In conclusion, we examined the impacts of the DOCK11 deficiency in B cells on secondary immune responses. DOCK11 expression by B cells may contribute to secondary humoral immune responses through the induction of cognate T-cell help.

Conclusions

We addressed that intrinsic and extrinsic effects of DOCK11 expression in B cells may contribute to secondary humoral immune responses in a manner of the induction of cognate T-cell help.

Methods

Mice

All mice were maintained on a C57BL/6 background under specific pathogen-free conditions. Dock11 knockout (KO) [10], Cd19-Cre [12], immunoglobulin G1 (IgG1) constant region (Cγ1)-Cre [13], Dock11 flox (Dock11fl) [10], B1–8f [15], and OT-II mice [20] were described previously. CD45.1 mice were obtained from Sankyo Labo Service. Expression of the OT-II transgene was determined by flow cytometry. Other genotypes were determined by polymerase chain reactions. All animal experiments were performed using 2- to 4-month-old male and female mice with the approval of the institutional review board at the National Center for Geriatrics and Gerontology.

Immunization

Primary Immunization was performed by an intraperitoneal (IP) injection of 100 μg of alum-precipitated chicken gamma globulin (CGG) (Calbiochem, currently Sigma-Aldrich), ovalbumin (OVA) (Sigma-Aldrich), or these proteins conjugated with 4-hydroxy-3-nitrophenylacetyl (NP) (NP31–33-CGG or NP17-OVA) (LGC Biosearch Technologies). Secondary immunization was performed by an IP injection of 50 μg of NP31–33-CGG or NP17-OVA.

Enzyme-linked immunospot (ELISPOT) assay

For ELISPOT assays, 96-well filter plates (Merck) were coated with 2 μg/ml NP-conjugated bovine serum albumin (NP20-BSA) (LGC Biosearch Technologies). Splenocytes were loaded and cultured overnight in Dulbecco’s modified Eagle’s medium supplemented with 10% heat-inactivated fetal bovine serum, 1 mM sodium pyruvate, 10 mM N-2-hydroxyethylpiperazine-N′-2-ethanesulfonic acid, 1% non-essential amino acids, 100 U/ml penicillin, 100 μg/ml streptomycin, and 52 μM 2-mercaptoethanol. Then, individual wells were sequentially incubated with 1 μg/ml anti-IgG1 biotin (BD Biosciences, #A85–1) and streptavidin-conjugated horseradish peroxidase (Cytiva, 1:3000). Spots were visualized with insoluble tetramethylbenzidine (MOSS), and observed on an SMZ745 stereo microscope (Nikon Instech).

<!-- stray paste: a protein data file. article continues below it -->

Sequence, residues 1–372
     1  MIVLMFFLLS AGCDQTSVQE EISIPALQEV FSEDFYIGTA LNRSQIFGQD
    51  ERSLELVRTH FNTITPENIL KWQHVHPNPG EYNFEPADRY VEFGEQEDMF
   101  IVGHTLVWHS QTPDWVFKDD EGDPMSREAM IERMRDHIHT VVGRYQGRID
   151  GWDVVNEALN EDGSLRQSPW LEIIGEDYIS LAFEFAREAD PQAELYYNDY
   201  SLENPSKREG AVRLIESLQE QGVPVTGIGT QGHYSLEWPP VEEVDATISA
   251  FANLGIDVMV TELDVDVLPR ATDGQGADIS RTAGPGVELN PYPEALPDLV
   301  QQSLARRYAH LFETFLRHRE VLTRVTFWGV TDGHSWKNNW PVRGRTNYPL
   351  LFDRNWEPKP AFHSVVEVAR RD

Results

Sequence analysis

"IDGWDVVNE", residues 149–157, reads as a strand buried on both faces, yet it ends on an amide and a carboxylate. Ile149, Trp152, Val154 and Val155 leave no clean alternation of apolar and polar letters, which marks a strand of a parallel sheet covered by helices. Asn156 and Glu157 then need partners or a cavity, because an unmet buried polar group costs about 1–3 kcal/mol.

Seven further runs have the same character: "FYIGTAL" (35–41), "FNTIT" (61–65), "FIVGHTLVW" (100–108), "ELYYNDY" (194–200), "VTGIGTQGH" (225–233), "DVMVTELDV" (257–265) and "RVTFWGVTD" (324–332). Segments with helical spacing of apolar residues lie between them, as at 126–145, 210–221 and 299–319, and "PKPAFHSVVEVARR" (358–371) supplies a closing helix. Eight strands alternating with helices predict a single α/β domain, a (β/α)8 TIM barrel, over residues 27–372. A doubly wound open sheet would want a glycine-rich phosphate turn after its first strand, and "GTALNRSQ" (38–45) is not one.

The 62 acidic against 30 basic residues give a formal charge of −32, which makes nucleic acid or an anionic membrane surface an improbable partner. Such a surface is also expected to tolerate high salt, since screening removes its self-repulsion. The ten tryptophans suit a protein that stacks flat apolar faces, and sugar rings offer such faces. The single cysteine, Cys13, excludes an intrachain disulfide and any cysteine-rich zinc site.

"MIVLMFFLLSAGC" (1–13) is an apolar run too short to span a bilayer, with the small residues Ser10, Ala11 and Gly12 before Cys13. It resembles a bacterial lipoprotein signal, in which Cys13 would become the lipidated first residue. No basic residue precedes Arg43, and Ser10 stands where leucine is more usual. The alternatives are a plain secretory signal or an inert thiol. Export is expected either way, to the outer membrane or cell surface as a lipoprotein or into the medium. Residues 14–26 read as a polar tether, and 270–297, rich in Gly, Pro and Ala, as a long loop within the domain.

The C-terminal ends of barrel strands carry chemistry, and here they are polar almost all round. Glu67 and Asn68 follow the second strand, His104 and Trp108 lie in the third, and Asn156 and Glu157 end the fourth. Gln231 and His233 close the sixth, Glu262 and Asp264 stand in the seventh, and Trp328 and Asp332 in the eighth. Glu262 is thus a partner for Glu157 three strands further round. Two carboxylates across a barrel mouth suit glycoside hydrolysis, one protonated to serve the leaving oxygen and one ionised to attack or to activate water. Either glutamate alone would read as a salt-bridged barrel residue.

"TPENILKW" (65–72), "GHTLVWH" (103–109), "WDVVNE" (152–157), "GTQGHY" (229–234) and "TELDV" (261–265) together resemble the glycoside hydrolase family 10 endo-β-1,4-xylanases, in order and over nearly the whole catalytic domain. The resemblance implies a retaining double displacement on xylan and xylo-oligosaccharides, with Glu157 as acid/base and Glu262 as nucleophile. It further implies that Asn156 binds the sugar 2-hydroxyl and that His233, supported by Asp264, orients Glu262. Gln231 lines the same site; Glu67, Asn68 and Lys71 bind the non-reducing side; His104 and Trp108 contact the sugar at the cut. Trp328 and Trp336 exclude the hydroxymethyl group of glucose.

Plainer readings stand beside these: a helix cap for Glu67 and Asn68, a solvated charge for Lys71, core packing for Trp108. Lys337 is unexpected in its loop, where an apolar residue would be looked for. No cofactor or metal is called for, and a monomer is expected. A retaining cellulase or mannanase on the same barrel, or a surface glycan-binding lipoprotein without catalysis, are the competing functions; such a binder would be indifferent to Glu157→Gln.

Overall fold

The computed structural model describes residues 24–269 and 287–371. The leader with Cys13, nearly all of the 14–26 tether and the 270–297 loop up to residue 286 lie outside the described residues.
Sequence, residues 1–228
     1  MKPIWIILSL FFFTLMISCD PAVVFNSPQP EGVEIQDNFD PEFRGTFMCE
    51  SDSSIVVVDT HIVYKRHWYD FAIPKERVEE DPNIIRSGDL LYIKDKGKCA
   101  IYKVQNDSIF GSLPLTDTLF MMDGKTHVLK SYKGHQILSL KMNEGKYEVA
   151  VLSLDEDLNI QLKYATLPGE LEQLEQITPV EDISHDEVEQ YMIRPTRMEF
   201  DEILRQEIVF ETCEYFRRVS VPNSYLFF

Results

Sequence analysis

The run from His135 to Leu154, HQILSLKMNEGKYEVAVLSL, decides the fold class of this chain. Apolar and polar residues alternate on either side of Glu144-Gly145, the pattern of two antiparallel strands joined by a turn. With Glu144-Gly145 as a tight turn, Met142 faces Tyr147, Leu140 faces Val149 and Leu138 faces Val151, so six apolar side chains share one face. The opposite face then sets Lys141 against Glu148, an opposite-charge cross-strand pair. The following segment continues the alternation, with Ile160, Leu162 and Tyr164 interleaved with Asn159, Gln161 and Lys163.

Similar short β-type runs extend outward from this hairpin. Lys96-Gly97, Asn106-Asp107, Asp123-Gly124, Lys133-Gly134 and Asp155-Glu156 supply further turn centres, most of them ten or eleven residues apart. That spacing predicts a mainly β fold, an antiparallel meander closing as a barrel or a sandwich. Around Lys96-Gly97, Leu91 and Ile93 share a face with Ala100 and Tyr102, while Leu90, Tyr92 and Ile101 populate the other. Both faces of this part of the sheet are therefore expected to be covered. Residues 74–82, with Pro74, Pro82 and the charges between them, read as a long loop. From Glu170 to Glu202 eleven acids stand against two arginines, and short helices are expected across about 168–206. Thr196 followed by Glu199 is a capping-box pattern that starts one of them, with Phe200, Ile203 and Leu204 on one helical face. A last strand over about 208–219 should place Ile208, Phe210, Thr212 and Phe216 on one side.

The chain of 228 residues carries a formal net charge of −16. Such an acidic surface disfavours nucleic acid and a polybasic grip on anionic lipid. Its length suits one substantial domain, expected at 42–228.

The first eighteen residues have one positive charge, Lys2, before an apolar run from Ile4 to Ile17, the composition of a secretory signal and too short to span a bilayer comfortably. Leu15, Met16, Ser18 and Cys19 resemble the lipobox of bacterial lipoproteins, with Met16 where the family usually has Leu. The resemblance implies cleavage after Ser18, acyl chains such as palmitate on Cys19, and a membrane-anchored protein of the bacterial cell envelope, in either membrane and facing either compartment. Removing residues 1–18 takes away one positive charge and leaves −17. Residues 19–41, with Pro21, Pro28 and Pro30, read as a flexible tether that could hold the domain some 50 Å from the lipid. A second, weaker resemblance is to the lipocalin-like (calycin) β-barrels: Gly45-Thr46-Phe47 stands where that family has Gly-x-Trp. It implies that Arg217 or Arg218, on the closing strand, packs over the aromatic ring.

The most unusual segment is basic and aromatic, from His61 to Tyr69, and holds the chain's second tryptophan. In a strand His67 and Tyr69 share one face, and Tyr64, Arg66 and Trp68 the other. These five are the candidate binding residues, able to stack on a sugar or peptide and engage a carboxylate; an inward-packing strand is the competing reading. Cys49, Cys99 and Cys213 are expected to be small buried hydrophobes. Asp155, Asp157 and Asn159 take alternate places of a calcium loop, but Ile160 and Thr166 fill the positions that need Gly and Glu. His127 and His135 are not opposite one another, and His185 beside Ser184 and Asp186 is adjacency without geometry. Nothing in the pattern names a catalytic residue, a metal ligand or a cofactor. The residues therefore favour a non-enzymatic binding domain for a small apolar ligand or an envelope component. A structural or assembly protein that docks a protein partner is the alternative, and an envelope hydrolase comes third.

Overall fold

Enzyme-linked immunosorbent assay (ELISA)

Serum was collected from tail vein or in some cases from heart under anesthesia with isoflurane. For sandwich ELISA, 96-well plates were coated with 2 μg/ml NP20-BSA. Serially diluted samples were loaded, followed by incubations with 1 μg/ml anti-IgG1 biotin (BD Biosciences, #A85–1) and streptavidin-conjugated horseradish peroxidase (Cytiva, 1:3000). Color development was performed with tetramethylbenzidine and stopped by acidification. Absorbance at 450 nm was measured on a 680 microplate reader (Bio-Rad Laboratories). Dose-response curves were analyzed, using R software (R Foundation for Statistical Computing) [22]. Antibody concentrations were determined, based on the 50% effective concentrations. N1G9 anti-NP IgG1 [23] was used as a standard.

Flow cytometry

A single-cell suspension was prepared by passing tissues through a 100-μm nylon cell strainer. Red blood cell lysis was performed in lysis buffer (150 mM NH4Cl, 14 mM NaHCO3, and 2 mM EDTA). The following antibodies and reagents were used for flow cytometry: anti-CD19 allophycocyanin (APC)-Cy7 (BioLegend, #6D5, 0.25 μg/ml), anti-CD38 phycoerythrin (PE)-Dazzle594 (BioLegend, #90, 0.5 μg/ml), anti-CD45R (B220) PE-Cy7 (BioLegend, #RA3-6B2, 0.25 μg/ml), anti-CD95 APC (Miltenyi Biotec, #REA453, 0.15 μg/ml), anti-IgG1 fluorescein isothiocyanate (FITC) (BD Biosciences, #A85–1, 0.5 μg/ml), anti-Ig light chain κ (Igκ) Alexa Fluor 700 (BioLegend, #RMK-45, 1.25 μg/ml), NP23 PE (LGC Biosearch Technologies, 0.5 μg/ml), and propidium iodide (Sigma-Aldrich, 1 μg/ml). A flow cytometric analysis was performed on a Gallios cytometer (Beckman Coulter). Cell sorting was performed on a FACSAria II cytometer (BD Biosciences).

Magnetic-activated cell sorting (MACS)

For enrichment of NP-specific non-GC B cells, B1–8 Ig heavy chain (IgH)-bearing cells pooled from three or more mice were incubated with a mixture of 1.25 μg/ml anti-CD11b biotin (Thermo Fisher Scientific, #M1/70), 1.25 μg/ml anti-CD43 biotin (BD Biosciences, #S7), 1.25 μg/ml anti-CD49b biotin (BioLegend, #DX5), 0.63 μg/ml anti-TER-119 biotin (BioLegend, #TER-119), and 1.25 μg/ml anti-Igκ biotin (BioLegend, #RMK-12), followed by negative selection with anti-biotin microbeads (Miltenyi Biotec), according to the manufacturer’s instructions. CD4+ T cells pooled from three or more mice were enriched using an IMag mouse CD4 T lymphocyte enrichment set (BD Biosciences). More than 75% purity was achieved, as measured by flow cytometry.